“Instead, consistent with our precedent, the probable cause analysis calls for the odor of marijuana to be one of the circumstances considered as part of the totality of the circumstances in assessing whether there is a fair probability that contraband or evidence of a crime will be found in a particular place,” the ruling states.
There was a dissent from state Supreme Court Justice Lorie Gildea that was signed onto by Justice Barry Anderson.
“The majority agrees that the odor of marijuana may be considered in determining whether there is a fair probability that contraband or evidence of a crime will be found in a motor vehicle,” Gildea wrote. “But according to the majority, such an odor by itself fails to establish a fair probability that contraband or evidence of a crime will be found in the vehicle. I disagree.”
“In sum, the smell of burnt marijuana suggests that someone smoked marijuana in the car,” Gildea concluded. “Common sense tells us that when a person has recently smoked marijuana in their car, there is a fair chance that more marijuana for personal use will be in the car.”
An instructive Colorado case
While the traffic stop in Litchfield happened in July of 2021, well before the state legalized the possession and use of marijuana, does the ruling have anything to say about a post-legalization world? McKeig was careful to say it doesn’t, noting in a footnote that the law was not in effect at the time of Torgerson’s arrest.
However, McKeig’s citing of an example from another state where marijuana was already legal has led legal observers to conclude the court would view searches for marijuana alone in the same light both pre- and post-legalization, especially because Minnesota’s new law clearly bars the use of marijuana for those under 21 and for anyone in a motor vehicle when it is on a street or highway.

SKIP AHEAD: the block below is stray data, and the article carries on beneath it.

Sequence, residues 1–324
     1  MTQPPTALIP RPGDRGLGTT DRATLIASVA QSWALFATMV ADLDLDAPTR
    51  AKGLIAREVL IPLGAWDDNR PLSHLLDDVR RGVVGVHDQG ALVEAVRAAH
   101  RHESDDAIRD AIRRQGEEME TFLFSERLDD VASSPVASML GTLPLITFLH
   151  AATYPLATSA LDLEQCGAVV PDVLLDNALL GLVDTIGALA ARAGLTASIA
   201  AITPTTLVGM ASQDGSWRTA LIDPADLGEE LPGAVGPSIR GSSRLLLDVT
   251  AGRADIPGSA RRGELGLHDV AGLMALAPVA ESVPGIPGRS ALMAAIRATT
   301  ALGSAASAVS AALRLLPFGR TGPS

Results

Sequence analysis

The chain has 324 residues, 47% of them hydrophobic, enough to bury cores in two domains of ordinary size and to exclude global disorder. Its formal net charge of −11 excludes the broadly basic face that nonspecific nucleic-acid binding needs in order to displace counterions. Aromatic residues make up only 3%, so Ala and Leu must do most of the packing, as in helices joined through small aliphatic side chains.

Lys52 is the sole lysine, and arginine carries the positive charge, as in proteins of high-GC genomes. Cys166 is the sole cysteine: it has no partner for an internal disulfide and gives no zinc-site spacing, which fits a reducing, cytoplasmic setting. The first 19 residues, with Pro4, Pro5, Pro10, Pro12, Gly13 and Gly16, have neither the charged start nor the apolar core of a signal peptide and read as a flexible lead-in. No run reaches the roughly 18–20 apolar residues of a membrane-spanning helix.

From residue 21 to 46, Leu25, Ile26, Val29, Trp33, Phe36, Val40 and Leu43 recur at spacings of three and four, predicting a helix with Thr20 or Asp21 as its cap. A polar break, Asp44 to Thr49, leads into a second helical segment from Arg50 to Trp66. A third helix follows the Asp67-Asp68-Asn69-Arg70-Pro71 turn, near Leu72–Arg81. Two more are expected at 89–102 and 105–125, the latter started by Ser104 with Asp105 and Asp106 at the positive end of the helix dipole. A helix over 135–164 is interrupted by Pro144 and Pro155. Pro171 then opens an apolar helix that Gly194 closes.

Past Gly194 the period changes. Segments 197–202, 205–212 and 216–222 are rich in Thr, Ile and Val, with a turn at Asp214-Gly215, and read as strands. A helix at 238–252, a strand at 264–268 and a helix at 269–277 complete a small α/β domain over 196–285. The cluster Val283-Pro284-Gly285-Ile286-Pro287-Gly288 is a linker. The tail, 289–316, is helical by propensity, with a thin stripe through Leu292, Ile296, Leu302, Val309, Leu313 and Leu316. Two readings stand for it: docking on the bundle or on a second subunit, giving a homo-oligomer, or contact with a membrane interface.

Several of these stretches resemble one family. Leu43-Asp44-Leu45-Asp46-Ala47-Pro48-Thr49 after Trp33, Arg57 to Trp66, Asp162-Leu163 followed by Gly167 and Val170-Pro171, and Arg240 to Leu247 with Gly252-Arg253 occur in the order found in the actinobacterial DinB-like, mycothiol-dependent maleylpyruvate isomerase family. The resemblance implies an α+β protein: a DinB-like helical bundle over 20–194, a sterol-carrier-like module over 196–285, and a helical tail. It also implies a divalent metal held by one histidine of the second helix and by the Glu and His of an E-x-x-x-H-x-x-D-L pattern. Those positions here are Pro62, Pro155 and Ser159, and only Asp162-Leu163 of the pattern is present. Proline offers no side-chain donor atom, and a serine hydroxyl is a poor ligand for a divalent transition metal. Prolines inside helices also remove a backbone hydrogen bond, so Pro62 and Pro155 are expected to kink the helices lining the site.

In addition, adults 21 or older can only possess 2 ounces or less in public and even those amounts can’t be transported in a vehicle on a street or highway unless in original sealed packaging and out-of-reach of the driver or passengers, such as in the trunk.
Odor, therefore, could still indicate the possibility that any of these offenses are occurring.
Such was the case in People v. Zuniga in Colorado, where the court there found that the odor of marijuana from a car with Iowa plates was an allowable contribution to a probable cause search. The driver and passenger were “overly nervous, sweating, and had delayed response times when answering questions. The men also gave inconsistent stories about why they were in Colorado,” McKeig noted in her ruling.
Possessing small amounts of marijuana is legal in Colorado but not larger amounts.
“Consequently, similar to the law in Minnesota, ‘Colorado law ma[de] certain marijuana-related activities lawful and others unlawful,’” the justice wrote. “The Colorado Supreme Court explained that the odor of marijuana is properly included in the circumstances analysis ‘and the possibility of an innocent justification merely affects a fact’s weight and persuasiveness, not its inclusion in the analysis.’
“We find the Colorado Supreme Court’s analysis persuasive and in line with our precedent,” the Torgerson majority concluded. “Specifically, the odor of marijuana is one of the circumstances in the totality of circumstances analysis that should be considered in determining if there is a ‘fair probability’ that contraband or evidence of a crime will be found in the location searched.”
Colbert said he thinks McKeig wanted to give some indication of how the court might look at post-legality cases with similar facts.
“I can’t believe that she wasn’t contemplating the changing nature of the legality,” he said.
In the days before use and possession of marijuana became legal in Minnesota on Aug. 1, State Patrol chief, Col. Matt Langer, said troopers were already considering odor as just one element of their decision-making about warrantless searches of vehicles.
“A lot of the correlations are drawn between cannabis and alcohol,” Langer said then. “If someone stops a vehicle and they either smell alcohol — which can happen if there’s an open bottle and its spilling in the center console or the floor — or someone smells of alcohol because they’ve been drinking, it piques the trooper’s interest to look further into that situation to see if there is a violation of the open container law or an impairment problem with the driver — or both.
“… if troopers encounter a vehicle and it smells like the occupants have been smoking marijuana, you can bet the trooper will be looking further into that situation to see if there is a violation,” Langer said.